OSR yields rise after fertiliser cut by 30% on Shropshire farm

Shropshire grower Matthew Williams has increased his oilseed rape yields while also cutting his fertiliser costs by fully utilising the residual nitrogen in his soil.

Mr Williams’ OSR yields increased by 14% after he carried out N-min testing last season, which confirmed that he could cut back his fertiliser inputs without harming his yields.

As a result of identifying his nitrogen reserves, he was able to increase his margin over fertiliser costs from the crop by £280/ha.

See also: Winter barley abandoned for triticale on Shropshire farm

Increasing flea beetle costs

Mr Williams grows about 200ha of oilseed rape at his farm near Bridgnorth, alongside 320ha of wheat and 120ha of winter barley in a typical rotation of two wheats, winter barley, followed by OSR.

A lack of flea beetle in the area means that OSR has traditionally been a good breakcrop on the farm, but last season there were signs their numbers were increasing.

Last season, a single spray took them out, but this season most fields have already had two sprays and some will need a third.

As insecticide costs are likely to increase, Mr Williams is keen to ensure that all inputs are being used as efficiently as possible.

Nitrogen inputs

One area which has the potential for improved efficiency is his nitrogen inputs.

Quantities of sewage sludge has been applied to the farm in the past, and some of the arable area has previously been used for livestock, so nitrogen reserves in the soil were likely to be healthy.

Added to this, the preceding crop of winter barley failed to yield as well as he had hoped due to the drought in 2018.

As it had been fertilised for an 8-8.5t/ha yield, some nitrogen was likely to be available to the following OSR crop.

“We had a feeling there could be nitrogen available, but in truth we had no idea,” he says.

“We’re great believers in making sure every input delivers a tangible return, and this is absolutely essential when it comes to our fertiliser use.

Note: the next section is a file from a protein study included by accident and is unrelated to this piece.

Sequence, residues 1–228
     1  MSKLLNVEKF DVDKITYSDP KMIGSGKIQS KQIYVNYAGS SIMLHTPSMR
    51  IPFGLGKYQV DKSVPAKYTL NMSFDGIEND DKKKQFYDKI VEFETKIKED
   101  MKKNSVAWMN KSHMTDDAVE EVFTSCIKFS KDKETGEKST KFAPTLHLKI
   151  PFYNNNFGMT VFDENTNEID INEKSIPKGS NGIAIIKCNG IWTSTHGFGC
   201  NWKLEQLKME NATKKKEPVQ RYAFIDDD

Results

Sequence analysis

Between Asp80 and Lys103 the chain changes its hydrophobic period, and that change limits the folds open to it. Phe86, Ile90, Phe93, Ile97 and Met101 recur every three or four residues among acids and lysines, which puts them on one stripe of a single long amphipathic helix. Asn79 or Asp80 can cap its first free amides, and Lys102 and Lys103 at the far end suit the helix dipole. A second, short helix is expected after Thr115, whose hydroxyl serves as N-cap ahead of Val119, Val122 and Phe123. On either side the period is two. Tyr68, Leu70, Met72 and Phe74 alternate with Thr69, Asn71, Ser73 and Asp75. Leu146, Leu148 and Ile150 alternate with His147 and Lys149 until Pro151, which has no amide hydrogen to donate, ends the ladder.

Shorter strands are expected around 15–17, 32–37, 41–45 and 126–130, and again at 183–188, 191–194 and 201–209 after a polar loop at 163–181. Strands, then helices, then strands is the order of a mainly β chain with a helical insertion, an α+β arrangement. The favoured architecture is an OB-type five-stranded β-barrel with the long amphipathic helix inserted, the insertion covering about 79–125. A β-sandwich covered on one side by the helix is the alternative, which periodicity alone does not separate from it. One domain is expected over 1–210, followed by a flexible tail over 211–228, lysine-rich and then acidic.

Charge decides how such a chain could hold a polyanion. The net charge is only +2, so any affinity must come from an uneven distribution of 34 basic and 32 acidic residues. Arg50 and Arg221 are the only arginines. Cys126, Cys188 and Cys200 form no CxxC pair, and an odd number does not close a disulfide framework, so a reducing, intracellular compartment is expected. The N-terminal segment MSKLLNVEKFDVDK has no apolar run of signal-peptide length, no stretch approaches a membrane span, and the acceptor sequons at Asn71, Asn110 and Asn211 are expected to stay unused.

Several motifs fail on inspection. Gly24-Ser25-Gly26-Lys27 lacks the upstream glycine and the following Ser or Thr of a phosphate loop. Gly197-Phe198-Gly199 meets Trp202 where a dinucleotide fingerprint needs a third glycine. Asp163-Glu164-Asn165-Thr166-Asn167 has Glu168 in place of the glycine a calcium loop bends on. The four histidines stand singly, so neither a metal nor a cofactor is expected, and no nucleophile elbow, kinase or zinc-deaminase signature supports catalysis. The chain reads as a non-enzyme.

“It’s why we have never been encouraged to use liquid fertilisers and why we don’t use urea anymore,” he says.

Nitrogen levels testing

To find out how much residual nitrogen is in his soil, Mr Williams trialled CF Fertiliser’s N-min testing.

Unlike conventional soil nitrogen tests, CF’s N-min test measures the amount of nitrogen in the soil at the time of testing, but also accurately predicts what will become available to the crop during the season.

This is adjusted to account for the nitrogen that will be supplied from the soil at depths between 60cm and 90cm, with allowances made for leaching losses, deposition and uptake efficiency.

When this is combined with the nitrogen level already contained in the crop, this makes up the total soil nitrogen supply, which is then used in CF Fertilisers’ N-Calc programme.

The trial

The trial compared the farm’s standard practice, which is determined by the RB209 Fertiliser Manual, with an N-min based approach, with both being targeted towards producing a 5t/ha crop.

It was conducted over a 12ha area of medium clay loam soil, which was min-tilled before being drilled with the variety Wembley in mid-August.

The farm standard plot received a first application of DoubleTop in mid-February, delivering 67.5kg/ha of nitrogen.

This was then followed by two applications of ammonium nitrate, which added a further 100kg/ha of N, giving a total of 167.5kg/ha of N.

Meanwhile, on the CF plot, N-min testing had revealed nitrogen reserves in the soil of 197kg/ha of N.

Matthew Williams

The N-Calc system, therefore, recommended an additional 110kg/ha of N to deliver a 5t/ha crop – nearly 60kg less than the standard farm practice.

This was applied through the same DoubleTop application as the standard farm practice plot, and a single 43kg/ha of N application of ammonium nitrate, which was applied on 20 March.